Helen Edwards on Branding: Xerox means business

The US corporation couldn't have a better leader than Ursula Burns as it aims to diversify its brand.

Xerox wants to sell you accounting services.

Xerox wants to sell you accounting services. You can see the challenge faced by Ursula Burns, one of corporate America's most talked-about chief executives, in her mission to turn the Connecticut-based giant into an upstream business-services provider.

Along with Hoover and Google, Xerox is one of those rare brand names that has become an everyday verb. You didn't just photocopy something, you 'Xeroxed' it. That locked-in association meant a gravy train in the heady years of the mid-20th century, as the corporation's technological lead in a burgeoning market made Xerox one of the greatest growth stocks of all time.

Today, that core 'printed page' market is valued globally at $132bn, but it has become much more competitive. Conversely, the market that Burns is aiming to dominate - back-office services such as accounting, call-centre management and HR processing - is worth $400bn globally, with higher margins. The financial logic is sound, but the issue of credibility is more moot. As Xerox has a foot in both camps, this means a considerable stretch of brand equity.

It is early days, but Xerox's transformation may play out to be an object lesson for other B2B brands seeking to make the journey upstream. It is a common theme with a common imperative: to move away from the tough business of making and selling lumpy objects in increasingly commoditised markets, to the comparatively purer air of selling 'smart invisibles' such as advice and business services, with their healthier margins.

One lesson dispensed by Burns is that if you're going to venture upstream, you need a large paddle. Hers cost $6.4bn and came in the shape of ACS, a Texas-based, business-process outsourcing group, which was acquired among doubting whispers from analysts in 2009. Cross-over business from clients such as P&G and Target is already persuading those analysts that they might have been wrong.

Subtlety, as well as boldness, has been a feature of Xerox's reinvention. The route to services was slowly prepared before the ACS acquisition, through the natural step of offering outsourced documentation management. From there, the logic is that Xerox can migrate to other services unconnected to its original core competence, with a positioning as a brand that understands all the unsung processes of business life.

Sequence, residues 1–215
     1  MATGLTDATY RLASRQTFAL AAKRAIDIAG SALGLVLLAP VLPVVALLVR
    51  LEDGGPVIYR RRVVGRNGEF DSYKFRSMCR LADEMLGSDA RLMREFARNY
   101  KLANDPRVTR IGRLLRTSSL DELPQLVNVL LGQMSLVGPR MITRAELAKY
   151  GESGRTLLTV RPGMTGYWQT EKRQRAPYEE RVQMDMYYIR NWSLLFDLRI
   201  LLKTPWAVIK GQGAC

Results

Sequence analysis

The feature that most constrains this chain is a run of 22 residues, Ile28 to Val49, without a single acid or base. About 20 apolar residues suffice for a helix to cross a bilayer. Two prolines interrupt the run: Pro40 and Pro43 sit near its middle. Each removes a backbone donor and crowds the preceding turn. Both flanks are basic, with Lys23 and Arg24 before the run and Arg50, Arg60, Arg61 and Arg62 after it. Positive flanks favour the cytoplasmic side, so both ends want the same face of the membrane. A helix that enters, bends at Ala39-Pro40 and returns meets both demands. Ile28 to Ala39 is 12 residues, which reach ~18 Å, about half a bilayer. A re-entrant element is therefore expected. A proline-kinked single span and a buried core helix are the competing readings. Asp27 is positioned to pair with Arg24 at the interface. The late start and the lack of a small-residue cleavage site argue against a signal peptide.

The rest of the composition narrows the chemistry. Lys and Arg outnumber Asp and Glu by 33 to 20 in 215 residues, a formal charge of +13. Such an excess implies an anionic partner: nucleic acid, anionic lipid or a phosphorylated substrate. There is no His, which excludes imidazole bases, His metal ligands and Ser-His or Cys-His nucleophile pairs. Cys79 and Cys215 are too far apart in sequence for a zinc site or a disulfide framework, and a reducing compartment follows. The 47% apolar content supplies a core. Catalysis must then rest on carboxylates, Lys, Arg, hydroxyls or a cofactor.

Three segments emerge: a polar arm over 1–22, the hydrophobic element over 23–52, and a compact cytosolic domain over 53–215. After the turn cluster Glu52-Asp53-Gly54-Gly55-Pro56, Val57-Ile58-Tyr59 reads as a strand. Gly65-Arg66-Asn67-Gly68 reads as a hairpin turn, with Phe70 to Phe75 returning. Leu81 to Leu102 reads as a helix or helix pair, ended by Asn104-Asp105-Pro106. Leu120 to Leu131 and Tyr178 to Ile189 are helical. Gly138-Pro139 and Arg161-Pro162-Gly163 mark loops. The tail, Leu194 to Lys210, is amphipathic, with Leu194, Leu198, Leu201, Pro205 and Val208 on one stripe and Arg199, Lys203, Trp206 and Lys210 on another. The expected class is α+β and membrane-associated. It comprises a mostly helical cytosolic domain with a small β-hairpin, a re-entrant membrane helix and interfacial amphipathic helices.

For now, Xerox and ACS, which is well-known in the US, are maintained as distinct brands, focused on their respective competences. Burns has created a microsite brand, realbusiness.com, to highlight the success stories of big customers, such as hotel chain Marriott, which have taken advantage of the full range of technological and back-office services, allowing them to 'focus on their own core business'. A seamless assimilation of the ACS brand under the Xerox name is a likely end point, but there is no rush to get there.

Rivals such as HP, Intel and Dell will be watching with interest. If Xerox can break out from its historically narrow brand niche and take on the full sweep of lucrative business services, anyone can. What those others may lack, though, is a leader such as Burns, whose daring, dedication, intellect and candour have seen her tipped as a successor to Larry Summers, as economic adviser to the White House. If she goes, that special human combination could be one thing even Xerox cannot replicate.

Helen Edwards has a PhD in marketing, an MBA from London Business School and is a partner at Passionbrand, where she works with some of the world's biggest advertisers

30 SECONDS ON ... Ursula Burns

- Ursula Burns, 52, is the first African-American woman to run a top US firm.

- She was brought up by a single mother on a tough estate on Manhattan's Lower East Side.

- Burns first worked for Xerox as a summer intern in 1980, joining on a permanent basis the following year.

- When she took over as Xerox's chief executive from Anne Mulcahy in July 2009, it was the first all-female handover of the top job in a major US corporation.

- Both women are being talked about as potential economic advisers to the Obama administration.

- Burns has a BSc and an MSc in mechanical engineering.

- She masterminded the integration of ACS, following its $6.4bn acquisition in 2009.

- Burns believes that if Xerox had not embraced change since nearly going bust in 2000, it would no longer exist.

- In 2009, publishing company Forbes rated Burns the 14th most powerful woman in the world.


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